At 40, McCullum is just 10 months older than James Anderson, who returns for this opening contest alongside pace-bowling partner in crime Stuart Broad, both having been left out of the tour to the Caribbean. With as many as eight other seamers on the shelf with injury including Jofra Archer, Mark Wood and Chris Woakes, Stokes has opted to hand Durham teammate Matthew Potts a first run-out as first change. The 23-year-old has been preferred over Somerset's Craig Overton after 35 wickets in six county matches this season, including four five-fors.

“He’s been outstanding in the games I’ve played. It’s not been all plain sailing for bowlers and he'’s created things out of nowhere,” Stokes says. “The thing that made my mind up about Pottsy was when he bowled us to victory against Glamorgan. He turned up with a bit of a stiff side, with Test selection coming he could have just sat back and said ‘I’m going to look after myself’ but he didn’t. He ran in and won the game for us.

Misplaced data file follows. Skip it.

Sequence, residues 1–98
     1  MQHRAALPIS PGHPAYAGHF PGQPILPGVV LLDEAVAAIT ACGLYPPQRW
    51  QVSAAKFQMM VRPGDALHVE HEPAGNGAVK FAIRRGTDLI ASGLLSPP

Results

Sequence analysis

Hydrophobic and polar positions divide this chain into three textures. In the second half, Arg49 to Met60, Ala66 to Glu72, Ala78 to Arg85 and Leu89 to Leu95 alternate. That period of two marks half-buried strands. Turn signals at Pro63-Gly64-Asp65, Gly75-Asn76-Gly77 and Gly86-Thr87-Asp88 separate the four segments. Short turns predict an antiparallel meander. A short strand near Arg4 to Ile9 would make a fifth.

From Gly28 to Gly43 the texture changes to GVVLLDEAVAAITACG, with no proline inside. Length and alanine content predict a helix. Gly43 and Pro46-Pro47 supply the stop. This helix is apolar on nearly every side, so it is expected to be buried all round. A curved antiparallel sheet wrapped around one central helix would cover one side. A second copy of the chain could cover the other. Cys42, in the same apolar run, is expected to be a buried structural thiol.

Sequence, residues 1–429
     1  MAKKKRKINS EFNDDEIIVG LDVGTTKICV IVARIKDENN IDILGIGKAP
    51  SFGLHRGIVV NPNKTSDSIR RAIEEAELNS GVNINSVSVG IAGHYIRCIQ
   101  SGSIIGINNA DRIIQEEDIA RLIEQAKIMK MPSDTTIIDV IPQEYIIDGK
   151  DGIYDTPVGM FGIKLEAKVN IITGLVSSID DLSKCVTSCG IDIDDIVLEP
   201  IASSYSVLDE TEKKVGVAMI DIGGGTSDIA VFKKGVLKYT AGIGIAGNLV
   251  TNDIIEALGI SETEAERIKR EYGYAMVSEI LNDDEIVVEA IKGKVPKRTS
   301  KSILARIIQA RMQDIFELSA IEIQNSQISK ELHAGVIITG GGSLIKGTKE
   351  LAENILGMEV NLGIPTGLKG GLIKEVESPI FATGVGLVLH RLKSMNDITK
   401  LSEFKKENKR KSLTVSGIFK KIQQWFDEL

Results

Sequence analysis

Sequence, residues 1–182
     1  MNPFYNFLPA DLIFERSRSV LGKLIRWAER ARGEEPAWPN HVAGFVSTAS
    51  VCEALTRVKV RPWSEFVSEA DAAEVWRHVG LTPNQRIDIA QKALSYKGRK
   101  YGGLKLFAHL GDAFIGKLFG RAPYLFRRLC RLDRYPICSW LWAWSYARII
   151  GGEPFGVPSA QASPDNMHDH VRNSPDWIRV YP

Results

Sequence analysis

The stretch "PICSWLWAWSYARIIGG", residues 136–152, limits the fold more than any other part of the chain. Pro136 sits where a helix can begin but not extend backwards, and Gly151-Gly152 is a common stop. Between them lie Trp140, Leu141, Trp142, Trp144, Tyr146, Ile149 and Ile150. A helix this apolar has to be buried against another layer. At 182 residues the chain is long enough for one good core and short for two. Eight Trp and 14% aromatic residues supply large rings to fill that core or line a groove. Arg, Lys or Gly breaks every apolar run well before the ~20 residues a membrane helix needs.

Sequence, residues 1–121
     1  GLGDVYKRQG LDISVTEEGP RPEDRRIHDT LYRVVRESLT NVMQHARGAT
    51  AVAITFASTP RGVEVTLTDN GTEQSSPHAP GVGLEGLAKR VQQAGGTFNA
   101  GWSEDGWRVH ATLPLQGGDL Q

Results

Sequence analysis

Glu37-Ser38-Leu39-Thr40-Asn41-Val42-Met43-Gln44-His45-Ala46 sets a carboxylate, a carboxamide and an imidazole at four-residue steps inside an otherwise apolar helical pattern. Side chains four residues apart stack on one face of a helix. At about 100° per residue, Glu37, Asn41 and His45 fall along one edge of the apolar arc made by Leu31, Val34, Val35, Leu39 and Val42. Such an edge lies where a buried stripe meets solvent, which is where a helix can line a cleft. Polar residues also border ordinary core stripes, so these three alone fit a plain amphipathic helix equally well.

“That's the attitude that opens your eyes. This kid is an athlete and everything I expect this team to be about going forward.”

A fresh attitude as a new era begins then. Just don’t call it a reset.